Un observador inglés (21) – What’s the point of Ciudadanos?

What’s the point of Ciudadanos? Is it just to complain, sulk and criticise, or do they actually have a political plan that is any different to, say, Spain’s far-right Vox ‘party’? This time last week the leader of C’s, Albert Rivera, the man who only sees Spaniards, tweeted something about agreeing with a tennis player (okay, it was Rafa Nadal), who’d said there should be elections so that the Spanish people ‘can go and vote to elect our government’. It was obvious that Albert hadn’t really recovered from the fact that Pedro Sánchez had just been sworn in as the new Prime Minister of Spain, leading a PSOE government – and I still don’t think Albert has recovered, even 9 days later. I don’t think he (or Inés Arrimadas, the leader of C’s in Catalonia) has got over the fact that Quim Torra has finally been able to form a new government in Catalonia, either. The C’s described his swearing in ceremony as a ‘separatist event’ and refused to attend. Why? Mainly because they want yellow ribbons and ‘free political prisoners’ banners removed from public spaces. But the solution is not to remove the banners, Inés. The solution is to remove the political prisoners from jail.

From what I’ve seen, Albert and Inés have spent the entire week acting like spoilt, sulking kids, sitting in the corner at another kid’s party that they weren’t even invited to in the first place (and failed to bring gifts to), and then refusing to smile, refusing to take part in any of the fun and games, refusing to dance, and then only saying something if there’s an opportunity to be really spiteful to others. They have a permanent ‘it’s not fair’ look on their faces. Well, get over it, for fucksake! You’re not the Prime Minister of Spain, Albert! You’re not the President of Catalonia, Inés! It didn’t happen! And the way things are going, I don’t think it ever will.

Whilst Vox has been stating pretty clearly that Pedro Sánchez’s new government is supported by ‘enemies of Spain’, or ‘separatists, communists and ETA politicians’, the comments from C’s are much the same. Arrimadas said at a public event on Tuesday that, ‘the pro-independence parties are salivating in face of a weak government by Sánchez, which is handcuffed by them’ – and that Sánchez is ‘already complying with Catalan separatist demands’. Albert just seems to go on and on and on about the ‘agony of bipartisan politics’, and that there should be elections, and that article 155 should have been prolonged in Catalonia, and that there should be elections, and that the Catalans shouldn’t be able to handle their own finances again yet, and that there should be elections, and that Pedro Sánchez has a ‘weak government’ and a ‘Frankenstein government’ that is ‘mortgaged to the nationalists’, and that there should be elections (like Rafa Nadal says). Pedro Sánchez actually has until 2020 to call elections, but Albert wants them now, right now, yesterday. Has he really not got anything better to offer Spain or to bring to Spanish politics? So, anyway, whilst the C’s have done nothing but complain about separatists, ‘free political prisoners’ banners, yellow ribbons, or that the new Catalan government might have offices abroad once again, this also happened this week:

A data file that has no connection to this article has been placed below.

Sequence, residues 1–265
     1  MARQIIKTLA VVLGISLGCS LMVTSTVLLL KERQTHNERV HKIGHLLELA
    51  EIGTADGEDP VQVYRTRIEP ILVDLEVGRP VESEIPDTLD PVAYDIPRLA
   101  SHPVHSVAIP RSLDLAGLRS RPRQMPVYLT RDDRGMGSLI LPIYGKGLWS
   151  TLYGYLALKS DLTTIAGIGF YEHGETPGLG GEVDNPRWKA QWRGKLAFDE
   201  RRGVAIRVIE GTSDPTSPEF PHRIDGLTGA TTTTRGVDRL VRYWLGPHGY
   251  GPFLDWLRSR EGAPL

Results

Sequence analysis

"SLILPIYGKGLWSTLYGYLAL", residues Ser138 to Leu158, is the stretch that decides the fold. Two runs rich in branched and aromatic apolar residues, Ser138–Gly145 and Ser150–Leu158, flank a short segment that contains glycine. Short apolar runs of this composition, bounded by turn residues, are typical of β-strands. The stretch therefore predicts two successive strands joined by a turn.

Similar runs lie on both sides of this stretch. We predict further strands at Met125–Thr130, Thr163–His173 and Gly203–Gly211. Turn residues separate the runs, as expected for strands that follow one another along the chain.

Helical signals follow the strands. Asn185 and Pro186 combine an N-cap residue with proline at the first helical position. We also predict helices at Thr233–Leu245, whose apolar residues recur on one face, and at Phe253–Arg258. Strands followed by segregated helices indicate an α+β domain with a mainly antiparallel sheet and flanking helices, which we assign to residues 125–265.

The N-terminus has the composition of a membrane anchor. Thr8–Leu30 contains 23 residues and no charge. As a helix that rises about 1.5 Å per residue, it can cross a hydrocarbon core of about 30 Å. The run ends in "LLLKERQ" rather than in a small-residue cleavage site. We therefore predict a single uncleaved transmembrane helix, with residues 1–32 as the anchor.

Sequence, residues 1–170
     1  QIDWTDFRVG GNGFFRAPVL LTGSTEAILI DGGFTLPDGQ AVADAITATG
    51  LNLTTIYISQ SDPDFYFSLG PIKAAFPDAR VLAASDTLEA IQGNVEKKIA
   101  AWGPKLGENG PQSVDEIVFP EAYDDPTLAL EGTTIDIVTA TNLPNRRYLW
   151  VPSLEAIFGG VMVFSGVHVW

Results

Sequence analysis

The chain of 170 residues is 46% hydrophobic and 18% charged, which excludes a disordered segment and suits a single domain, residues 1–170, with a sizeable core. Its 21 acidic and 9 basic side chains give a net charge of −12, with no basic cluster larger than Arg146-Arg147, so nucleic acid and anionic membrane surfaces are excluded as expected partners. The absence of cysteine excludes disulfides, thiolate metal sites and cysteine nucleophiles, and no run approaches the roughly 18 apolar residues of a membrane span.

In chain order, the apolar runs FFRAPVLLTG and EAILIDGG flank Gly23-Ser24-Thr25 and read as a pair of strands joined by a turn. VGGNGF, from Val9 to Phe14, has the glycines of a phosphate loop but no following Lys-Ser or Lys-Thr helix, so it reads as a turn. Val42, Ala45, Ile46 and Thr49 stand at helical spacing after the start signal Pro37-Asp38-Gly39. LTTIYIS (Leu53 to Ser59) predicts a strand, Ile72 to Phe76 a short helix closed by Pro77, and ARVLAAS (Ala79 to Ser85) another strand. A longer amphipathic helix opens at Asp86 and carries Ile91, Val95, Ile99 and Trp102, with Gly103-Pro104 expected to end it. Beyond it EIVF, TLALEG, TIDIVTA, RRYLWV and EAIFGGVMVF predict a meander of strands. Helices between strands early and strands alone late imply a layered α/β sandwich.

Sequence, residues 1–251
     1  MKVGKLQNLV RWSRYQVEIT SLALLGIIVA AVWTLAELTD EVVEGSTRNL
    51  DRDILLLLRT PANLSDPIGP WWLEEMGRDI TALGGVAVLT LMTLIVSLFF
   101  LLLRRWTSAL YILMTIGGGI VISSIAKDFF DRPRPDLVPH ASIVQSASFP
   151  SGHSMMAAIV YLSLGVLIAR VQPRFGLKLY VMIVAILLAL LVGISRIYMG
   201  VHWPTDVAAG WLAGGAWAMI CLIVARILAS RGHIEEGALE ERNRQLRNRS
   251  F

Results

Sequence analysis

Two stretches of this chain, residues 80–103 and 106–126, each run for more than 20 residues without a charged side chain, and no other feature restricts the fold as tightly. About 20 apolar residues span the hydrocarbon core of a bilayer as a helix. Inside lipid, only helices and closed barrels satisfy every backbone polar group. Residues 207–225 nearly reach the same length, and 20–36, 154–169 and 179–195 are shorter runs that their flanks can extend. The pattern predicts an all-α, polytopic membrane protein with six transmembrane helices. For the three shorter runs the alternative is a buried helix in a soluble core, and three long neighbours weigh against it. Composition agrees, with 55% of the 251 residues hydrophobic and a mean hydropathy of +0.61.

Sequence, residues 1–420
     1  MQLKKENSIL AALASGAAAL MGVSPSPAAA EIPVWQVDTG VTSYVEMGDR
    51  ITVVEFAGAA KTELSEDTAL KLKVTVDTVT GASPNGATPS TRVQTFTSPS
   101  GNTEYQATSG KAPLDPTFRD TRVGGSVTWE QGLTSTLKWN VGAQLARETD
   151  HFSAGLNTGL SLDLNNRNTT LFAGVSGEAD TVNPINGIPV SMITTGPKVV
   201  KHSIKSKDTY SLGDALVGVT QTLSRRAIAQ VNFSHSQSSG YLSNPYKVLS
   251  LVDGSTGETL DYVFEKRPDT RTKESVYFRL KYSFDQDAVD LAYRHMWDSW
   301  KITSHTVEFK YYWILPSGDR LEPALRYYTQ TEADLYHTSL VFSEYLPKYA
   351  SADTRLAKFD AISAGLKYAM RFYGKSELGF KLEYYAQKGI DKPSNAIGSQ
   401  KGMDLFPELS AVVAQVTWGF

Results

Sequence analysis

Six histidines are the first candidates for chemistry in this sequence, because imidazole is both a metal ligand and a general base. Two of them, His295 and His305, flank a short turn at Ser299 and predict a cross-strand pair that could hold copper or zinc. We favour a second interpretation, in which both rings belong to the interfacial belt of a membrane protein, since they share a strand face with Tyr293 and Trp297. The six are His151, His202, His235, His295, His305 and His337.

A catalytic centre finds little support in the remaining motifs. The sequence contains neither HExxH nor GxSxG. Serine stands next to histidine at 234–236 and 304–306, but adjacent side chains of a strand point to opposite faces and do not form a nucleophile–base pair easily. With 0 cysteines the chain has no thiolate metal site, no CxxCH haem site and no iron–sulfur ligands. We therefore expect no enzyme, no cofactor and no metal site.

José Maria Aznar reappeared almost on the same day that Rajoy said goodbye, offering to contribute to the ‘reconstruction of a centre right’ party in Spain. Nobody took him up on the offer. On stepping down as leader of the PP, Mariano Rajoy claimed that 2.7m jobs were created whilst he was in government. Pedro Sánchez then created 4 more, at least in the cabinet itself – naming 17 ministers (Rajoy’s cabinet was only 13, but that seemed more than enough).

The 17 new ministers in the PSOE ‘strongly pro-European’ government include 11 women and an astronaut. The former president of the European Parliament, Josep Borrell, 71, actually a Catalan and who was a minister during the third and fourth governments of Felipe González, is the new Foreign Minister. Last December, he caused controversy when arguing that before Catalonia can ‘heal its wounds’, it needs to be ‘disinfected’. The new Culture and Sports Minister is Maxim Huerta. He tweeted something in 2010 about hating sport, and several other disturbing tweets such as asking if everyone is black in France. Fernando Grande-Marlaska, a former judge and LGBT activist, is the new Interior minister.